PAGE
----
where , gives the probability of code using the entropy model, and iterates over the codes in the tile at location in the 3D code tensor. In practice, we use at most 256 entropy models so the encoder generates one byte of side information for each tile. The model indices are then losslessly compressed before being added to the bitstream (we use DEFLATE [deflate] for the results in Section 3) so the final cost is typically much less than one byte per tile.

### 2.2 Learning a dictionary of entropy models

To learn , the dictionary of multinomials used as local entropy models, we want to minimize the KL-divergence over a training set of code tiles. Specifically, we collect code tiles from training images, calculate a normalized histogram for each example, and , and then seek a dictionary that minimizes:

(2) |

The result of this minimization is a set of distributions which best code the training data. Finding the global minimum of Eq. 2

is intractable so we optimize using a heuristic method based on the K-means algorithm. First, we run the standard K-means++ algorithm

[kmeans] to get an initial set of distributions. Then we refine the result with a modified version of K-means that uses KL-divergence instead of the -norm to map data points to the closest cluster center. This generates a satisfactory set of clusters, except that some may never be used. In order to alleviate this problem, after each full update of K-means, the centroids which have no assignments are updated by replacing them with a random training sample. The result is a dictionary of multinomials from which the encoder can select the best entry for each code tile.### 2.3 Image-dependent entropy models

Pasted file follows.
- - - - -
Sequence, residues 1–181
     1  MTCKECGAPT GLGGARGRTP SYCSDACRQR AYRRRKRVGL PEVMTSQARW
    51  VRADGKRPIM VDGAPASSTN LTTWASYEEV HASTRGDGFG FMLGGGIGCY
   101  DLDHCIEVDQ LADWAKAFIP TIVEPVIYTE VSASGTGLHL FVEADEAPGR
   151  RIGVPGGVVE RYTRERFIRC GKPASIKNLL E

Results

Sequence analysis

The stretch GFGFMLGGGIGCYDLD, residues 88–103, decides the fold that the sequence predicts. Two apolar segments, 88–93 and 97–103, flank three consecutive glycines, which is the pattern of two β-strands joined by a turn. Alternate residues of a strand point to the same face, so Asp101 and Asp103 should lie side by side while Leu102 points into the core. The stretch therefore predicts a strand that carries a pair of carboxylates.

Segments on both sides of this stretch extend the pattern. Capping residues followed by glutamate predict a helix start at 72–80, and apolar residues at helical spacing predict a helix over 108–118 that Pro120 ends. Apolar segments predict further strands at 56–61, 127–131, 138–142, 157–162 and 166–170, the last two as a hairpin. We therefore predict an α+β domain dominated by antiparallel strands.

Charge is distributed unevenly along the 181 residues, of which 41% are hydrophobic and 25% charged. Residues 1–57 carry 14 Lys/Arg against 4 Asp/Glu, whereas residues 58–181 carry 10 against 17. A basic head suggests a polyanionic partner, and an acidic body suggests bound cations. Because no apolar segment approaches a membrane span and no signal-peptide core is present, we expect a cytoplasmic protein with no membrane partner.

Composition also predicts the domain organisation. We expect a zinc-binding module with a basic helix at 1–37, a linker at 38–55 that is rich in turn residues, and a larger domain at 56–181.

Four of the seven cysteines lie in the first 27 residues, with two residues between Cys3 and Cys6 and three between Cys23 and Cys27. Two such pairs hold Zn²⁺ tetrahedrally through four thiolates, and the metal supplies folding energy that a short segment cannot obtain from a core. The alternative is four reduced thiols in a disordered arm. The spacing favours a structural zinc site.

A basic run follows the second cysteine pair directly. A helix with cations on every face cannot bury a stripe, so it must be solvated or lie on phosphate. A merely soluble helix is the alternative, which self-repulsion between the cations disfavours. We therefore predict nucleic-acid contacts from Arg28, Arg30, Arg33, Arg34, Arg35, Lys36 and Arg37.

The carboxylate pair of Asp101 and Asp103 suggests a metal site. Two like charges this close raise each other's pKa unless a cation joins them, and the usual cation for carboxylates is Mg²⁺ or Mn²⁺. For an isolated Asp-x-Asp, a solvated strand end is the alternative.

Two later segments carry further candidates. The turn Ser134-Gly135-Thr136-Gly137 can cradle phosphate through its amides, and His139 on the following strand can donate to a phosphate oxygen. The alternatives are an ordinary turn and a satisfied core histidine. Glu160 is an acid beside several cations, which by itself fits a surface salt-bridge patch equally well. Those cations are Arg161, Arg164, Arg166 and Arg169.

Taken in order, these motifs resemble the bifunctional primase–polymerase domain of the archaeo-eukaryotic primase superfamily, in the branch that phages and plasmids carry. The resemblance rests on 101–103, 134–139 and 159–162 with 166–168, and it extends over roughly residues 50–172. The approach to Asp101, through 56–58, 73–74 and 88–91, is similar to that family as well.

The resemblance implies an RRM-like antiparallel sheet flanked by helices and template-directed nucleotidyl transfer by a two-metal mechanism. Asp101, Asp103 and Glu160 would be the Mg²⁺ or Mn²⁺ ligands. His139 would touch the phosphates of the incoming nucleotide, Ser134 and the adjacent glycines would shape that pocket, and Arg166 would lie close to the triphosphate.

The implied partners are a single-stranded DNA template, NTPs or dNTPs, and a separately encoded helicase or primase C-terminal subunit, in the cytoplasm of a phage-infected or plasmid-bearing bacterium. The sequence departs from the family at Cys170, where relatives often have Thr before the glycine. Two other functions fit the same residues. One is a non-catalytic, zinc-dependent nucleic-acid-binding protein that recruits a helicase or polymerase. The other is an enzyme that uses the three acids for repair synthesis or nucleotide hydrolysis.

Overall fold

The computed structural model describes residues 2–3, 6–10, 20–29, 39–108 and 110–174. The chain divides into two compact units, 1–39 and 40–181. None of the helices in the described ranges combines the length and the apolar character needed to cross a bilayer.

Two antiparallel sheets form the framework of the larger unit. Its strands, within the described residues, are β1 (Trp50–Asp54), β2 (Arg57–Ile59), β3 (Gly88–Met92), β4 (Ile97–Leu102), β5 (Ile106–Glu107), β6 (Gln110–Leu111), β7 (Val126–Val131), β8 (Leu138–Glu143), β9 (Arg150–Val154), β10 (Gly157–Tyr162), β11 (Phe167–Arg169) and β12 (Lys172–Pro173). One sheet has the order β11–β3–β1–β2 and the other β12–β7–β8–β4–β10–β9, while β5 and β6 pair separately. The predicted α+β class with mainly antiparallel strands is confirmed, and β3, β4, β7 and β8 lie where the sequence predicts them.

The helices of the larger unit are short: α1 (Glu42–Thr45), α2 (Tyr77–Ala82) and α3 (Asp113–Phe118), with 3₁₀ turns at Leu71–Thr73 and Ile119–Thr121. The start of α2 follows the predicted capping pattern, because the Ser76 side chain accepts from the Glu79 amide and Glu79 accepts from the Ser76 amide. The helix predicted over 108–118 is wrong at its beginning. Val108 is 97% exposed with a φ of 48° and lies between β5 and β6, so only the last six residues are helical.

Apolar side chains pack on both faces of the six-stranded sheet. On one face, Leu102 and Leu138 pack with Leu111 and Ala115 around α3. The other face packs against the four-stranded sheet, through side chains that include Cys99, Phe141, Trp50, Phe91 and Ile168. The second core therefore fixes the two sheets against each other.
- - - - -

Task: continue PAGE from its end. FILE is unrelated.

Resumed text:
The dictionary of local entropy models significantly improves compression rates compared to a single, global model. However, the learned distributions are still optimized to efficiently code images on average (the training set acts as a sample from the distribution of natural images) so further benefits are possible by sending image-dependent models.

Ideally, the encoder would solve an optimization problem that determines the best set of image-dependent distributions while accounting for the cost of transmitting the custom models as additional side information. We believe that such an optimization would be prohibitively slow so our method is constrained to send at most one custom distribution per code channel. To estimate this distribution, the encoder determines which tiles are poorly modeled by comparing the code length under the best dictionary distribution with the code length for the true distribution. If the difference is more than 0.5%, the tile is included in an average that yields the per-channel custom distribution.